Players continue taking turns until the progress track reaches the end space. The progress marker is moved anytime a player opens a crate, constructs a building, or scores an advancement. It also moves automatically at the start of a players turn if they’ve spent all 12 of their influence markers (certain actions require spending influence as part of the cost). The player with the most victory points at the end of the game wins.
So let’s start with the things I can freely talk about. At the beginning, Charterstone is the most basic of worker placement games. Go to a building, pay X, collect Y. To be honest, the first few games of Charterstone were a bit underwhelming. The majority of our time was spent simply trying to build as many buildings as possible and opening crates. (A building card often contains a crate which can be opened once the building has been built.) I will say that we really enjoyed opening crates, as I was always curious what the new cards would bring.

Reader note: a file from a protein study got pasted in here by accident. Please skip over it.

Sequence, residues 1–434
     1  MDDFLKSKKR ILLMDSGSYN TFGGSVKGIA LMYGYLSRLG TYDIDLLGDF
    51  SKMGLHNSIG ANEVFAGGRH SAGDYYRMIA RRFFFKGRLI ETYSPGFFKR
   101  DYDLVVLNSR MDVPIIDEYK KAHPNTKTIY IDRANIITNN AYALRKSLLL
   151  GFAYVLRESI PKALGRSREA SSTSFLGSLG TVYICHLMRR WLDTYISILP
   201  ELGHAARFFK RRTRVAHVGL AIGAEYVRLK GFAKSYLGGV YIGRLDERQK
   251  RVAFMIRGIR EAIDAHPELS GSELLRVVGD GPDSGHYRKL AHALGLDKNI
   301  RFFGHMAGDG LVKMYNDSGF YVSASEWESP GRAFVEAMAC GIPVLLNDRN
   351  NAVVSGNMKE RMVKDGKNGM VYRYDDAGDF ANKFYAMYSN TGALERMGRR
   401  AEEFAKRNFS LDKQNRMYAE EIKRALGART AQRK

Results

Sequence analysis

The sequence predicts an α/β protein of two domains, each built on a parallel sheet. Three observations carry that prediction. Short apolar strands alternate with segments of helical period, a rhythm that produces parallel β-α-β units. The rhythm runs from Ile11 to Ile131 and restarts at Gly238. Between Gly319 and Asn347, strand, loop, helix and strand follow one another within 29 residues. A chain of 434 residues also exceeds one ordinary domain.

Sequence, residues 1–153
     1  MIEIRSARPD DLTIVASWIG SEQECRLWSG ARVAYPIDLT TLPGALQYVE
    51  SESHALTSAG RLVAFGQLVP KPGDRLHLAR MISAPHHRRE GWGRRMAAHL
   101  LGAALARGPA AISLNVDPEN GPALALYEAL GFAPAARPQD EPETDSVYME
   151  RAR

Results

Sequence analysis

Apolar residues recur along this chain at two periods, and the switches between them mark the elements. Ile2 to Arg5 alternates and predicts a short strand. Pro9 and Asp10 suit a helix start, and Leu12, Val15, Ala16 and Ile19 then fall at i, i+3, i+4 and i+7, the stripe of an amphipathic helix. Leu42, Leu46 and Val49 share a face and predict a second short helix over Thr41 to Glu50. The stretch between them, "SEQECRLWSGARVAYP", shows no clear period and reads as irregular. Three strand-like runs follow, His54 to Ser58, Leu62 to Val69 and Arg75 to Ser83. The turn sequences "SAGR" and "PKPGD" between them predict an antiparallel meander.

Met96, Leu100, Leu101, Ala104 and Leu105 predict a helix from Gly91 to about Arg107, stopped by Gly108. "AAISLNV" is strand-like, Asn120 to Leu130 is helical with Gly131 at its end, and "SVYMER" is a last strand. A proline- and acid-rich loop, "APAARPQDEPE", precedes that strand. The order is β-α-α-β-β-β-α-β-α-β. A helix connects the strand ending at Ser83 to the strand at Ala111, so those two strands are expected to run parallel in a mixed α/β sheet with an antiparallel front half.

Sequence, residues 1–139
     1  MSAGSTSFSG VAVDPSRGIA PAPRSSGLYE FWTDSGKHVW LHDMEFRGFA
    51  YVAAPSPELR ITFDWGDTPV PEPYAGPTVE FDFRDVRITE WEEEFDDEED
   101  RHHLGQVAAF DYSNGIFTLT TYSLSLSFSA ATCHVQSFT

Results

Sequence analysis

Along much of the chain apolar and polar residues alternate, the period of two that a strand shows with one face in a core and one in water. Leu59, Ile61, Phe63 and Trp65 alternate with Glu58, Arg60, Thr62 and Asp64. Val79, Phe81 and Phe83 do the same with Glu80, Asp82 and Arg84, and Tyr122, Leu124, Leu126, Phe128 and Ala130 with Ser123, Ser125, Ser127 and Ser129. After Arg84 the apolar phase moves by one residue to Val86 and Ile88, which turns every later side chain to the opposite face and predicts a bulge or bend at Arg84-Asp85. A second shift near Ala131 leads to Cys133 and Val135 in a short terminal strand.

While opening lots of crates early on does provide a steady dose of excitement, it also can throw a barrage of rules at the players. More than once we had to get clarification on new rule, and I think that was simply because there were so many new things hitting us in rapid fire. This was also much less of an issue as we hit the later games.
My main enjoyment in the game really came from optimizing my charter. Each player has 6 spaces they can use, and you really want them to be as efficient as possible (see the spoiler section below for why). I loved finding just the right building that fits perfectly with others I’ve placed to create wicked combos. Go to this building first, then hop to this one second, and then finish here to score lots of points.
Charterstone is not only a legacy game, but a campaign game, which means you should really play with the same people throughout the game. The rules do include options for add/dropping players mid-campaign, which we tested and it works fine. Our games were mainly 2 player experiences and overall we had no issues. The only thing I wish was stronger was dealing with the inactive charters.